An important thing happened this year on Black Friday: More people shopped online than in stores for the first time ever. Brick-and-mortar stores might not be dead yet, but they are moving into retirement. However, the wonderful stress-free world of online shopping created by companies like Amazon has left a huge gap if brick-and-mortar goes away. What do you do when you need it now?
Two-day shipping doesn’t cut it for emergencies, and Amazon Prime Air aims to close that gap with 30-minute deliveries by drone. Last Friday, in a flashy promotional video with Jeremy Clarkson of Top Gear acting as spokesperson, Amazon revealed the first flight video of its prototype delivery drone.
Clarkson spells out Amazon’s system for rapid delivery using the example of a family needing to replace a pair of ruined soccer cleats before gametime. With the push of a Buy button and the simple placement of a landing spot, the cleats are delivered quickly and safely with a combination of sense-and-avoid technology on the drone, and a user-approved landing.
As easy as the ad makes it sound, Amazon has plenty of hurdles ahead, including regulation from the FAA, and nailing down the logistics to make the 30-minute delivery time feasible with the current payload and battery capacity limits. But the worst is behind them with regulations loosening, allowing for testing along with breakthroughs in open-source firmware that make safety features like sense-and-avoid free and widely available.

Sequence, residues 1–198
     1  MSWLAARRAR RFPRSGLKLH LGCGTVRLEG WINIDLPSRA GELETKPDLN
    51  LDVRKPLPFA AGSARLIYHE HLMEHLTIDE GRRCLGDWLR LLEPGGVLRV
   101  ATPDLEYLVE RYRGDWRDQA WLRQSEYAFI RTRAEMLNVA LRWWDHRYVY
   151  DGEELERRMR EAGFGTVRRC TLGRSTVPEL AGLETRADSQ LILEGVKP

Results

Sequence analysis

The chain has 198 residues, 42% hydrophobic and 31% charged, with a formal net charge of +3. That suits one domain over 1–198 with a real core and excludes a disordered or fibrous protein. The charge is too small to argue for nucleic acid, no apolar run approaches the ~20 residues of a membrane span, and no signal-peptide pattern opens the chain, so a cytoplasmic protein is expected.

What started as the passion of hobbyists grew into a billion-dollar global industry. Although they might be the company most recognizable to the average consumer, Amazon is only one part in an industry that is maturing rapidly with players like DJI, 3DR and Yuneec pushing boundaries in device capabilities regularly. Most of the legwork has been done for them already, but Amazon’s role as industry advocate can’t be underestimated.
As much as insiders like to paint the FAA as villains, they have a very serious role in keeping our skies safe. But Amazon has been a major player in pushing them to accept and adapt to the growing UAV market. The balance of forces will yield better results in the end. After all, the price of lobbying and litigation is couch money for Amazon, and well worth it if it can help them put the final nail in the coffin for brick-and-mortar stores.